On May 7, the Obama administration announced that the National Institute of Standards and Technology (NIST), which is part of the U.S. Commerce Department, approved 16 advanced manufacturing grant proposals totaling $7.8 million. The approvals were announced in Gaithersburg, Maryland, by NIST's Advanced Manufacturing Technology Consortia (AMTech).

The goal of these grants is, "Incentivizing the formation and strengthening of industry-driven technology consortia in areas of national importance in advanced manufacturing. Activities supported by Planning Awards include detailed technology road maps of critical advanced manufacturing technologies and associated long-term industrial research challenges."

This is the second set of AMTech awards for 2015. This group of awards aids grantees in identifying "critical gaps" in the infrastructure of technology in advanced manufacturing and create industry-driven technology road maps. The grants establish and offer support in developing research tactics and the charting of collaborative activities to solve high-priority issues in advanced manufacturing.

States are also trying to insure they are able to attract and keep advanced manufacturing companies within their borders. Here is a look at three states taking the steps to train workers for manufacturing positions.


Manufacturers, Florida state colleges, regional workforce boards and manufacturers held a hugely successful statewide manufacturing job fair on April 22-23. The job fair provided opportunities for graduates of manufacturing and engineering programs as well as manufacturing professionals. It was open to anyone wanting to attend, and there was no fee for admission.

CareerSource Florida President and CEO Chris Hart IV said, "Advanced manufacturing is an important industry targeted for future growth in Florida."

West Virginia

The drop in oil prices has also had a negative effect on its sister fuel, coal. Coal is a major employer in West Virginia and job growth is currently nearly nonexistent. But Gov. Earl Ray Tomblin has an important message for the advanced manufacturing sector.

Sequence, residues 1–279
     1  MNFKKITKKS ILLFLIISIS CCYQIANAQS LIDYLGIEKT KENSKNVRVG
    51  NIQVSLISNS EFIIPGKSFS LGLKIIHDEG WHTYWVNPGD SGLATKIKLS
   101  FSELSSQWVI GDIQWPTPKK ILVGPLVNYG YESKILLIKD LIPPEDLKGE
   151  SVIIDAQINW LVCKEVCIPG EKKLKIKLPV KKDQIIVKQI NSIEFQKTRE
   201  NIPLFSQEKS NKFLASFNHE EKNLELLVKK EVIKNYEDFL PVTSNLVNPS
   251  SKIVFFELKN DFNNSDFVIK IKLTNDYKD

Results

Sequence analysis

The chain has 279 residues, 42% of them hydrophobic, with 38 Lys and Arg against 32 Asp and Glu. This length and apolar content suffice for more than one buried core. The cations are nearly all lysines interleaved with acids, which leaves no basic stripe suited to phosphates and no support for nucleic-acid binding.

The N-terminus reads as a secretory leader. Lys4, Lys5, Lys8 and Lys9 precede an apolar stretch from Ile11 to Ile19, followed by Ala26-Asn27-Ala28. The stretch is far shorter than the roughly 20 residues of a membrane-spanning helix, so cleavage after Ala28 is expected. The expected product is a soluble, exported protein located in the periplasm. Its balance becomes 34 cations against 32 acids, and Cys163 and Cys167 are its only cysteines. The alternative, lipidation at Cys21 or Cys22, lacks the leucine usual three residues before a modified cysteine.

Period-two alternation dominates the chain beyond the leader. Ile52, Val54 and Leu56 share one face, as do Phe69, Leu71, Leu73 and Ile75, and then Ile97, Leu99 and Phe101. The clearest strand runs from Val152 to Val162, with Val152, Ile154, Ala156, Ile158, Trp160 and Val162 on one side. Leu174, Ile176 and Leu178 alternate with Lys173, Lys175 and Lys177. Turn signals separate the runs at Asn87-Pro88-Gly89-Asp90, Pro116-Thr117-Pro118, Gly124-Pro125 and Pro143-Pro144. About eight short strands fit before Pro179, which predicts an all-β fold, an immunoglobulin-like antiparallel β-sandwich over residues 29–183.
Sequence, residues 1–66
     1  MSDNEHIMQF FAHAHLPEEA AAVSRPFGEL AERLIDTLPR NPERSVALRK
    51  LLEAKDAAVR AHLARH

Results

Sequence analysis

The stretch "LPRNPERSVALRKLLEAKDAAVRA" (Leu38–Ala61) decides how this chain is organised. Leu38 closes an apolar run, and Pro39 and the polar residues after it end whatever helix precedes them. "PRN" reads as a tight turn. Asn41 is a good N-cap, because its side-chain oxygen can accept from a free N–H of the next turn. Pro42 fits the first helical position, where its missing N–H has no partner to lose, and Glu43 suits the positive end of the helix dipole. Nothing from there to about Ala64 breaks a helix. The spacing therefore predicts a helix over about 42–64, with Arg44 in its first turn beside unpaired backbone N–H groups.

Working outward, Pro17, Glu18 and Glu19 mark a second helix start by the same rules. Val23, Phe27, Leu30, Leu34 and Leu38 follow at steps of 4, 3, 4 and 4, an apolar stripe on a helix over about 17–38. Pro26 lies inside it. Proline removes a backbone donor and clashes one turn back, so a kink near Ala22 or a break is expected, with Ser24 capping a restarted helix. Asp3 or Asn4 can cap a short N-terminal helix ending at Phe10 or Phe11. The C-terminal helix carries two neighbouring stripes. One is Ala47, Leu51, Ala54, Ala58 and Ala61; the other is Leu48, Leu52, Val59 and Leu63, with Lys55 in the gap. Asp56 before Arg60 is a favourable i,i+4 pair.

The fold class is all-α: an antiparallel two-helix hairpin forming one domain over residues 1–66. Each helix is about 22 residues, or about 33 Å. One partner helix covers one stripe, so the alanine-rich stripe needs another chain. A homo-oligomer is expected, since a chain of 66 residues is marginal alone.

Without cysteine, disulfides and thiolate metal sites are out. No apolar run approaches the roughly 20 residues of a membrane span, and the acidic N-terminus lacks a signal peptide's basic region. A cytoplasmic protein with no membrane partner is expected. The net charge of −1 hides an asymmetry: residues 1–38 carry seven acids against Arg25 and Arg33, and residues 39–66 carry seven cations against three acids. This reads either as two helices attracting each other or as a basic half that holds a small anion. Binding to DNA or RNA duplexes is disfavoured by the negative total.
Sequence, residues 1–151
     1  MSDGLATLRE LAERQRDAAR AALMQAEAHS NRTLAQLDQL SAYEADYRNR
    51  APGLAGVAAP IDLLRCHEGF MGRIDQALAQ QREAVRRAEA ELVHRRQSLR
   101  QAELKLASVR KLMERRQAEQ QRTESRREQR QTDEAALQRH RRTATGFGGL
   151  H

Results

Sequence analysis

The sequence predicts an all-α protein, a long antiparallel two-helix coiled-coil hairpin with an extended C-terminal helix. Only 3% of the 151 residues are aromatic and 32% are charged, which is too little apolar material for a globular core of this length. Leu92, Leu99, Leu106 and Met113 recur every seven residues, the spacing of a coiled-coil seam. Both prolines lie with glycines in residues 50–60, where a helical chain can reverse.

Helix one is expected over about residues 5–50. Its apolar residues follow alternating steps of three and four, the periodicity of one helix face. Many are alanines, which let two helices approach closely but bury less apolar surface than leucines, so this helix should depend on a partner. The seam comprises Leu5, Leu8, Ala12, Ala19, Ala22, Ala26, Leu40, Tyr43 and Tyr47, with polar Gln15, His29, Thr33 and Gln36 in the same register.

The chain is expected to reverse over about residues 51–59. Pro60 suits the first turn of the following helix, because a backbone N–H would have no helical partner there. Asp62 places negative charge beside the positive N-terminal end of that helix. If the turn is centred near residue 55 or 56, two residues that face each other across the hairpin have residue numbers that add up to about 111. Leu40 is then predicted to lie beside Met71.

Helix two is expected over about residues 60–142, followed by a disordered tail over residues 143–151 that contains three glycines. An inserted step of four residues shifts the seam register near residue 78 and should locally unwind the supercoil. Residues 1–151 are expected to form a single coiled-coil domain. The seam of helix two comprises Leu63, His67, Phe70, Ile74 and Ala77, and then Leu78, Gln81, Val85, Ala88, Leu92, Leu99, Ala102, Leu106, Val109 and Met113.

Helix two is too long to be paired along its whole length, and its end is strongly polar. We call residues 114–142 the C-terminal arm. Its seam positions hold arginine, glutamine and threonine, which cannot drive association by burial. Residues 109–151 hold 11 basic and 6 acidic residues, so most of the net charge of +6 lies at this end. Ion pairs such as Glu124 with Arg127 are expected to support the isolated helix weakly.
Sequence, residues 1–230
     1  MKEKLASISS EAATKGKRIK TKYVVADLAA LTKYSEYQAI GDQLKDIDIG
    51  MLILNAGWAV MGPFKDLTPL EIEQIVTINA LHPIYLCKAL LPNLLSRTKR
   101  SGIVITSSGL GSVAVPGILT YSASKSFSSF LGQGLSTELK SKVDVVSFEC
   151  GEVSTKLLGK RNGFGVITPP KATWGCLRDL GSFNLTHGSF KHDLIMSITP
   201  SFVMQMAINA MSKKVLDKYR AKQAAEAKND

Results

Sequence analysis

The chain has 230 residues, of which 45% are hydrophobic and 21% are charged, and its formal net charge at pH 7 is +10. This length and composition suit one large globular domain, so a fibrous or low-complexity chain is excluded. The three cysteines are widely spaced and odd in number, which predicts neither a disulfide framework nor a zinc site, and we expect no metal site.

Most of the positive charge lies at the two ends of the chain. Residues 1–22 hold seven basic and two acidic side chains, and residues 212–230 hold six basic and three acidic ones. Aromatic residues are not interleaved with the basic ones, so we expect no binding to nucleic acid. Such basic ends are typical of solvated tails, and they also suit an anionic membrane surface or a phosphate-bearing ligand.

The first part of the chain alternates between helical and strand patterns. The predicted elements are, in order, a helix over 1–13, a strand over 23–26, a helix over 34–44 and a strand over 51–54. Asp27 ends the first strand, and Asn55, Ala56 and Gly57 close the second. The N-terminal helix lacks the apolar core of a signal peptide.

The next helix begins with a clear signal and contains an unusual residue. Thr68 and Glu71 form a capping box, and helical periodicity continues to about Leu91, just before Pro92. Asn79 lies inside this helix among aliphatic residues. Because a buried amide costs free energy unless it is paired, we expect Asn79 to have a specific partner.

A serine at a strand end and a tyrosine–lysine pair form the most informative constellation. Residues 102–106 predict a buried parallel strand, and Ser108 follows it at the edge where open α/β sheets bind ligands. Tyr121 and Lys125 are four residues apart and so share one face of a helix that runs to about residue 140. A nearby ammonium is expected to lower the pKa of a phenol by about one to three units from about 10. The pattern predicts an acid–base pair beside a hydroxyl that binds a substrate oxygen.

"Whether you’re expanding in the state or looking to come here, West Virginia is committed to providing the skilled, drug-free, productive workers you need to succeed." Tomblin said at the Governor’s Workforce Summit, held May 5.

"Over the past two years, the West Virginia Workforce Planning Council has operated behind the scenes, but West Virginia has a great story to tell, and it's time we start telling it," Tomblin said. He put the council together in 2013 thinking it would improve the alignment. When appointing the members. Tomblin sought out top state educators and executive branch people.

The actions of the planning council inspired Kay Goodwin, a council member and secretary of the Department of Education and the Arts, which oversees the West Virginia Division of Rehabilitation Service, to seek unusual solutions for workforce enhancement. Tomblin related the following story at the summit about Goodwin.

"A substance abuse problem is a disability, so we asked, 'Could we get federal funds to help clients with substance abuse problems become productive working citizens?'" he said. "It turns out we could."


The Alabama Industrial Development Training (AIDT) program runs the primary state-provided work training programs. AIDT is an independent agency that is supervised by the State Secretary of Commerce. Their mission is to "provide a quality workforce development for Alabama's new and expanding businesses, and to expand the opportunities of its citizens through the jobs these businesses create."

Alabama created AIDT to respond to the recognition that the state needed to recruit and train a skilled workforce to attract new businesses.

From the federal level to the state and even the local level, government recognizes the importance of better educating and training the youth of the United States. In most instances, the cooperation of advanced manufacturers has been a vital part for keeping the workforce ready for the next level of skills needed.